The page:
CPRA explained: New California privacy law ramps up restrictions on data use

The California Privacy Rights Act more closely aligns with the EU's General Data Protection Regulation. Mid-sized companies not yet GDPR compliant face the biggest impact.

CCPA | California Consumer Privacy Act  >  Satellite view of California's network of lights / lock
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In November, Californians approved a ballot measure, Proposition 24, a.k.a. the California Privacy Rights Act (CPRA), to create a new consumer data privacy agency. It puts California yet another step ahead of other states in terms of privacy productions for consumers—and data security requirements for enterprises. California already had a privacy law in place, the California Consumer Privacy Act (CCPA), adopted in 2018. It went into effect in January 2020, and enforcement officially began this past July.

The CCPA was supposed to help keep California from passing a more stringent privacy initiative via ballot. "CCPA is probably one of the leading privacy laws in the US that protects consumers today," says Christophe Bertrand, analyst at Enterprise Strategy Group, but it was originally supposed to be more restrictive. "It was the product of many political negotiations that weakened the final product."

That's not going to happen with the new law. Once passed, it can only be strengthened, not weakened. It did pass. The CPRA was approved by voters 56% to 44%.

Surprisingly, there wasn't a lot of lobbying against the ballot initiative by the big tech companies. "I think part of it is the dumpster fire of 2020 and the pandemic and the runup to the election," says Jessica Lee, partner at Loeb & Loeb and co-chair of the firm's privacy and security practice. "A lot of things were happening at the same time. Also, over the past couple of years we've had a backlash against the big tech companies and a lot of privacy scandals. So, for a tech company to come out against a privacy bill, there are probably some PR and brand considerations."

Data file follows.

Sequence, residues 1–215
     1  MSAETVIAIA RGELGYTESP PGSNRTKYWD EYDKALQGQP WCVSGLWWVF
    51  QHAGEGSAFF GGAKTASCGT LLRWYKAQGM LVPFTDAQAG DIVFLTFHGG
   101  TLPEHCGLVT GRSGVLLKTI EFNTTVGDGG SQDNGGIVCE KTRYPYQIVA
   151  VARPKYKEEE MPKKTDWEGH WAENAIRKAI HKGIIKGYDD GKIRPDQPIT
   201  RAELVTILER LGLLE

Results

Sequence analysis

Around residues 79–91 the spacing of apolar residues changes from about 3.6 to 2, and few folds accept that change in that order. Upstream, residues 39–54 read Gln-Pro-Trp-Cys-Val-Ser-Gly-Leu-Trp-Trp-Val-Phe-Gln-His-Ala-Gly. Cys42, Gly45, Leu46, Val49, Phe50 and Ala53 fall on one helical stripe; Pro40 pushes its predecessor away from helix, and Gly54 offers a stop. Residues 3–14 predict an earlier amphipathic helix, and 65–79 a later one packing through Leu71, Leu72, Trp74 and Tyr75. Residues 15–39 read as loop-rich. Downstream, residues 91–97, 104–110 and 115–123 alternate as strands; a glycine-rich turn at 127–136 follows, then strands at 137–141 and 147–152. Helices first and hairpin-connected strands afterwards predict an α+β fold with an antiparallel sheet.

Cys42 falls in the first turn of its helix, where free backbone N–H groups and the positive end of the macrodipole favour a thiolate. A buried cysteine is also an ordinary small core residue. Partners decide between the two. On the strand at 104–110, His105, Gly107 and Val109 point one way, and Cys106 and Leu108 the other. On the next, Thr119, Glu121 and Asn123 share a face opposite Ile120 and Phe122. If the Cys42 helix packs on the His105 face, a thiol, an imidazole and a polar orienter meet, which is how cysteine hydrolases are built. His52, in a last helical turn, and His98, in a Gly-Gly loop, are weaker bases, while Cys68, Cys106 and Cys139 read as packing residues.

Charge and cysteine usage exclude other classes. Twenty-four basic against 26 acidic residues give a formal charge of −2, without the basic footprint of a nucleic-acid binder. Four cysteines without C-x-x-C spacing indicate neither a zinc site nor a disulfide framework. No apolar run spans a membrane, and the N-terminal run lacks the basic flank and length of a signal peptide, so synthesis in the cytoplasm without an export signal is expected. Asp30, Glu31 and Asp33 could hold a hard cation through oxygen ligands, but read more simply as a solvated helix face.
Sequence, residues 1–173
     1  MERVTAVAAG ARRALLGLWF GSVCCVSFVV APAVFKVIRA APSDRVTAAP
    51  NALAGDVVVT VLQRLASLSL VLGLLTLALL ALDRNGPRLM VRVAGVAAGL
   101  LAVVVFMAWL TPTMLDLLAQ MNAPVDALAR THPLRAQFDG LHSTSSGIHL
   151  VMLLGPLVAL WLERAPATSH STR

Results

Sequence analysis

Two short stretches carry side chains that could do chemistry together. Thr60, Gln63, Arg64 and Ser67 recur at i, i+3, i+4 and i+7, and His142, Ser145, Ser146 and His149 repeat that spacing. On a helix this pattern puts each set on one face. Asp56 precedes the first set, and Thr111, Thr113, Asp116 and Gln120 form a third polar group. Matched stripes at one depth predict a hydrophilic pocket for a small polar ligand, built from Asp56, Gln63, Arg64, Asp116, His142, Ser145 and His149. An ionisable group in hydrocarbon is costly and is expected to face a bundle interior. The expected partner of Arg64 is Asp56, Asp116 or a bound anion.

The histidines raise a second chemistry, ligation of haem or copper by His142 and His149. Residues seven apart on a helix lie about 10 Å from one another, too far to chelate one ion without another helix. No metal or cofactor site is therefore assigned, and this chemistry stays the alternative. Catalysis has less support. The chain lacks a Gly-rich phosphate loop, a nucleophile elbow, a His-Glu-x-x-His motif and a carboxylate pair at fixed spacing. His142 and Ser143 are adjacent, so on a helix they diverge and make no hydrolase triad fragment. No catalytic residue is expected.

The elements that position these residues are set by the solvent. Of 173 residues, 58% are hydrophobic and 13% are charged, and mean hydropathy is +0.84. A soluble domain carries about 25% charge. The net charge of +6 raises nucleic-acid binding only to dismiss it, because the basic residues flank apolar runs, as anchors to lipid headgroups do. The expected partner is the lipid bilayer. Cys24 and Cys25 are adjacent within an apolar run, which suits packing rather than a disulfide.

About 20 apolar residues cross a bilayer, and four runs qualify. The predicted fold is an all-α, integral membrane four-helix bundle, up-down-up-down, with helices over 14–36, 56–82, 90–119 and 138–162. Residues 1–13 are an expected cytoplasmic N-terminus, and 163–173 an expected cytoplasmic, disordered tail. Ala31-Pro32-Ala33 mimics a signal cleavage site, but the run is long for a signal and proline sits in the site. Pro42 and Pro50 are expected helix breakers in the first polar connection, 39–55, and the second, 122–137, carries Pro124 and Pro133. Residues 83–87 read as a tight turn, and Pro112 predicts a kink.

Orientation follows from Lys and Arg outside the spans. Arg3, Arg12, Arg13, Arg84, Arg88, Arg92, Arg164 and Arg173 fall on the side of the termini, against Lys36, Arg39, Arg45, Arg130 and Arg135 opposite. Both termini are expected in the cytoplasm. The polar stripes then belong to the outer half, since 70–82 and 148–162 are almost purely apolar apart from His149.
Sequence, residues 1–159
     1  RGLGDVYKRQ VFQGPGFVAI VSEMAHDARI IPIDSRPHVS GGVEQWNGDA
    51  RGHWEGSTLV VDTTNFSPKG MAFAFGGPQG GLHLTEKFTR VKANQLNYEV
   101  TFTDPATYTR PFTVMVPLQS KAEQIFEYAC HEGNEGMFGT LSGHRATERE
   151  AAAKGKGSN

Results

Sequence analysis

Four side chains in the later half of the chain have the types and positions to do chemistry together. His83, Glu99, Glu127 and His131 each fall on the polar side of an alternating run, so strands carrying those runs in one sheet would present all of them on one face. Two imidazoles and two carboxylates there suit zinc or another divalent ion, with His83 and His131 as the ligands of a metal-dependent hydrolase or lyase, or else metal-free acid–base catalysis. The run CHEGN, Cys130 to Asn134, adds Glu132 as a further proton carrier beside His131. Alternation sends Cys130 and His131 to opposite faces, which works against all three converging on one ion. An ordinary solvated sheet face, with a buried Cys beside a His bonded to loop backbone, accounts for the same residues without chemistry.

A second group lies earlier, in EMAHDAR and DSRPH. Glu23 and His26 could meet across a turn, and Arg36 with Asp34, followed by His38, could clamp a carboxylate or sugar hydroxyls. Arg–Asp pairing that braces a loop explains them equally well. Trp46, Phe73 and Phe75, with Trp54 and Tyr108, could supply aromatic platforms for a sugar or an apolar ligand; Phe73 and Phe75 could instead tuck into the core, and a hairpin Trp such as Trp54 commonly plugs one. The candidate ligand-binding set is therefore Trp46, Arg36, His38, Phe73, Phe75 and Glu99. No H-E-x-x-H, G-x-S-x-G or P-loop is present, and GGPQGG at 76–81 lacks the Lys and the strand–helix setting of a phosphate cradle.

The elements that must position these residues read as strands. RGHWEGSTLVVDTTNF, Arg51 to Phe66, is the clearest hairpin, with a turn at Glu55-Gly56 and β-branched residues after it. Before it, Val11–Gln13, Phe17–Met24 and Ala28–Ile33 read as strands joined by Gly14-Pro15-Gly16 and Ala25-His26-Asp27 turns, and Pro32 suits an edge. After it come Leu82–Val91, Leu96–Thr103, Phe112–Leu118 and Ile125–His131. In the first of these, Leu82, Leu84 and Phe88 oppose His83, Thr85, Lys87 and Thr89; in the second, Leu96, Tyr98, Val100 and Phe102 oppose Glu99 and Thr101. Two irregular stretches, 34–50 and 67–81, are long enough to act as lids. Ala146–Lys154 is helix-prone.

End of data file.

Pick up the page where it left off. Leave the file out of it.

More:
In addition, the largest companies already must comply with Europe's General Data Protection Regulation (GDPR). "It's not like it's a business-crushing proposition for a lot of the big companies," she says.

CPRA toughens some requirements, reduces risk elsewhere

The CPRA toughens some requirements, brings California more in line with the GDPR, and creates a new state agency—the California Privacy Protection Agency. Previously, the state's attorney general dealt with consumer privacy issues on top of all their other responsibilities. Data privacy now gets a dedicated agency with a $10 million basic budget, plus it will also get part of the fines and settlements it collects from companies that break the law.

The law goes into effect on January 1, 2023, Lee says, and enforcement will begin six months later. "Companies essentially have two years to prepare," she says.

Those two years might bring changes that result in additional scrutiny, penalties and enforcement activities, says Orson Lucas, principal in cybersecurity services at KPMG. That could be a result of evolution in the technology and business landscape or other developments. "For example, if there are a series of substantial breaches between now and January 2023," he says.

A couple of aspects of CPRA will reduce companies' potential risks and liabilities. First, the CCPA applies to companies serving at least 50,000 California residents, households, or devices.  The CPRA raises this to 100,000 and removes "devices" from that list, says Catherine Lyle, head of claims at Coalition, a cyberinsurance company. Businesses won't be held responsible for CPRA violations committed by third parties if certain agreements are in place and the business partner themselves is in compliance with CPRA, she says. "It could reduce your potential liability."

CPRA impact minimal for prepared companies

For companies that are already in compliance with 2018's CCPA—and especially with Europe's GDPR—the changes will be minor. That's the case for Branch Metrics a, global online marketing company that counts Airbnb, Target and Yelp among its thousands of business customers. The company processes billions of consumer records, putting in squarely in the law's crosshairs.